For the past few decades, the unstoppable increase in college tuition has been a fact of life, like death and taxes. The sticker price of American college increased nearly 400 percent in the last 30 years, while median household income growth was relatively flat. Student debt soared to more than $1 trillion, the result of loans to cover the difference.
Several people—with varying degrees of expertise in higher-ed economics—have predicted that it’s all a bubble, destined to burst. Now after decades of expansion, just about every meaningful statistic—including the number of college students, the growth of tuition costs, and even the total number of colleges—is going down, or at least growing more slowly.
First, the annual growth rate of college tuition is at its lowest rate on record. Second, the annual growth rate of student debt is lower than any time in the last decade. Third, the number of college enrollees has declined for five consecutive years. Fourth, the college premium—the extra income one should expect from getting a bachelor’s degree—is higher than it was in the 1990s, but it's stopped growing this century for young workers. Altogether, the numbers paint a clear picture: The higher-education market is not bursting, like a popped soap bubble; but it is leaking, like a pierced balloon.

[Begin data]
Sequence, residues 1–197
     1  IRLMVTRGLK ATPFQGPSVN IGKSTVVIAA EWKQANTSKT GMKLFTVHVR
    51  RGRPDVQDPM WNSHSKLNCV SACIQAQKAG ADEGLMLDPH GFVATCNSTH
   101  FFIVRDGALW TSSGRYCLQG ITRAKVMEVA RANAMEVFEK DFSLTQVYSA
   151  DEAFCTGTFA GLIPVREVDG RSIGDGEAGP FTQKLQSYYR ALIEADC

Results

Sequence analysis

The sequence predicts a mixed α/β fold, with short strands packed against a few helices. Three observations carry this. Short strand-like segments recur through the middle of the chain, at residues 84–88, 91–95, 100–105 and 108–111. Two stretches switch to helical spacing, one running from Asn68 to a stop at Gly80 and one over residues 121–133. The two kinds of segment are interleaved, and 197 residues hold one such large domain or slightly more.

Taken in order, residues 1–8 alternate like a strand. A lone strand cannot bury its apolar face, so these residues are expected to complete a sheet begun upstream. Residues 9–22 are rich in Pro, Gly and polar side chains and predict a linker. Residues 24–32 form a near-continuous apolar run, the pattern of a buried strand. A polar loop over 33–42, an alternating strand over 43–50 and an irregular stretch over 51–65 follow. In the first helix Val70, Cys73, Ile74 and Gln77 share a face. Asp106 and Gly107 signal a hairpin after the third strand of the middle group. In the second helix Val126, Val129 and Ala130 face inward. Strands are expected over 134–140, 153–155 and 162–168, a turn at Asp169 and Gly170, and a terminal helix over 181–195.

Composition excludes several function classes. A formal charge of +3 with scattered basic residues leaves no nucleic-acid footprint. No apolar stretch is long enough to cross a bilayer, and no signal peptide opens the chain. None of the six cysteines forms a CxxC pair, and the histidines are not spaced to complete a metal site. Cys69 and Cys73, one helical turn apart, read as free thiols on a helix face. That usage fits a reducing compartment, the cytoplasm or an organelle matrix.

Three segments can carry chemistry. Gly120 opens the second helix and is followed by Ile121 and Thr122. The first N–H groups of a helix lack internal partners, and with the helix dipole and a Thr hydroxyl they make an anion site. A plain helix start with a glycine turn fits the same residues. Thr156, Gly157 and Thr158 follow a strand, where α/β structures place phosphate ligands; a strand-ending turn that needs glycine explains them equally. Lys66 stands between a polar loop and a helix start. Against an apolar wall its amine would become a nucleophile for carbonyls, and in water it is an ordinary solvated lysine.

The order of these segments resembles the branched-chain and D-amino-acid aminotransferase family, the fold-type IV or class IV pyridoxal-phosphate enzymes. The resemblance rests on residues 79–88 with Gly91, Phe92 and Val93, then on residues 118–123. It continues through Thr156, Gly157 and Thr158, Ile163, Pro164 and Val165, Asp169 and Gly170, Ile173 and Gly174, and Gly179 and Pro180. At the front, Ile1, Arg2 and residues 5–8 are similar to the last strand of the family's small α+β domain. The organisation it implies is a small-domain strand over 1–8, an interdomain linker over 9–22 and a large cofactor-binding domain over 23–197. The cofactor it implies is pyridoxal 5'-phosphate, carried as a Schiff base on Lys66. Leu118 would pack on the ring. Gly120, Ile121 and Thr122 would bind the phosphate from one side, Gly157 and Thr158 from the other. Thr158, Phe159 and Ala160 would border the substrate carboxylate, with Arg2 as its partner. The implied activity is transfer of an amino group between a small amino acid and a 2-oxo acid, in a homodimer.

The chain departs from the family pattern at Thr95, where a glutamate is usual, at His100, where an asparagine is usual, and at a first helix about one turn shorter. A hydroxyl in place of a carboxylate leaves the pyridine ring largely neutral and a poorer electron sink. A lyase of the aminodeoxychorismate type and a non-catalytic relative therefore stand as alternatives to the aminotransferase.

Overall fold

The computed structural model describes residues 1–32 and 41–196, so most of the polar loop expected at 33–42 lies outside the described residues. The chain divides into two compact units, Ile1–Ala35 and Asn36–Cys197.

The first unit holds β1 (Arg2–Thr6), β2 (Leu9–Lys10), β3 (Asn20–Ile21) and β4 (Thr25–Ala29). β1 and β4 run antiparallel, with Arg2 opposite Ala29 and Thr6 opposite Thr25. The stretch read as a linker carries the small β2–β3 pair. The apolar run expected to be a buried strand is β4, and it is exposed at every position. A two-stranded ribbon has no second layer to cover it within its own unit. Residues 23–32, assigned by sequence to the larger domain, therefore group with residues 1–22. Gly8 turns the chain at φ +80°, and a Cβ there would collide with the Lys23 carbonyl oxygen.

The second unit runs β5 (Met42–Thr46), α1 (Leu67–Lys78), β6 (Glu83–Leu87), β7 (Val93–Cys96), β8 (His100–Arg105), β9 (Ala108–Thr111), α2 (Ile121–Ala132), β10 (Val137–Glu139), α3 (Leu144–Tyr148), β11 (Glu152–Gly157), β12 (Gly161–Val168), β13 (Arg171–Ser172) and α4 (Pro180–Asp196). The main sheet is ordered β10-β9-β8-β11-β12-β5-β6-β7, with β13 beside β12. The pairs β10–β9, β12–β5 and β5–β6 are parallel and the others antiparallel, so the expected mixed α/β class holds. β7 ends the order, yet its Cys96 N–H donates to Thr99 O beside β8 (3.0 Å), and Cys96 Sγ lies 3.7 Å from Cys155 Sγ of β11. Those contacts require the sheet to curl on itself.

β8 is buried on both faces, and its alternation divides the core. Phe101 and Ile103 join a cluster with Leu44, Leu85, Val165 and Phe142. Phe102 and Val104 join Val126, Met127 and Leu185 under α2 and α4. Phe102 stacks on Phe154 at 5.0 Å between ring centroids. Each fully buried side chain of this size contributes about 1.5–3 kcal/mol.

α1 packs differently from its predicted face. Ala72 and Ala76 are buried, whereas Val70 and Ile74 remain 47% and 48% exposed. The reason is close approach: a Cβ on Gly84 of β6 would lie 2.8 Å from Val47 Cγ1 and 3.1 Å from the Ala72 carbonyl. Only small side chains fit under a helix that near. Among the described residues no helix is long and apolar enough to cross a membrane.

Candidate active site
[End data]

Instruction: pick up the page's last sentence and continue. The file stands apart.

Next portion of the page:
What’s going on? The explanation is a little bit of weak demand, a little bit of over-supply, a big crackdown on for-profit colleges, and, perhaps, a subtle shift in culture.
1. The college pipeline is drying up.
The United States is running out of teenagers.